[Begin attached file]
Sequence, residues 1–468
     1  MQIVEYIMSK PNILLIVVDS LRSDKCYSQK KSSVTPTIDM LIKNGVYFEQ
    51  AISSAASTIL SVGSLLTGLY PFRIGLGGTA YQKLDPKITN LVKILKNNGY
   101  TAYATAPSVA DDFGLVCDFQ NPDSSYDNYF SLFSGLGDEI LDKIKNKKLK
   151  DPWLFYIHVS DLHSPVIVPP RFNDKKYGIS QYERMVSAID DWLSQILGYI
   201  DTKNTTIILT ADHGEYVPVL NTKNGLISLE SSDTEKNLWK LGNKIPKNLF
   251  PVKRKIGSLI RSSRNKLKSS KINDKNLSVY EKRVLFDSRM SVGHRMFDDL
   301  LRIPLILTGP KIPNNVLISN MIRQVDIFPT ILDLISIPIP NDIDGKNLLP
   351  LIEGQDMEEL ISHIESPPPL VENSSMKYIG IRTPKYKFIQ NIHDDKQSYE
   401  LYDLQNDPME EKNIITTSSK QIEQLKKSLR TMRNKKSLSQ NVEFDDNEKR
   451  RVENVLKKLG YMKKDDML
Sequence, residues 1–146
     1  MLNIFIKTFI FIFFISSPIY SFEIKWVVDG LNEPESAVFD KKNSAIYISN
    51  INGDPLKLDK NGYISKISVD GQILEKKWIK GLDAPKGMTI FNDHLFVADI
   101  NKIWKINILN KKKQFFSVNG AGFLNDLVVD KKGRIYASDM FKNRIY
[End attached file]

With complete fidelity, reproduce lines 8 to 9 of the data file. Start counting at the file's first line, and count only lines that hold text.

   301  LRIPLILTGP KIPNNVLISN MIRQVDIFPT ILDLISIPIP NDIDGKNLLP
   351  LIEGQDMEEL ISHIESPPPL VENSSMKYIG IRTPKYKFIQ NIHDDKQSYE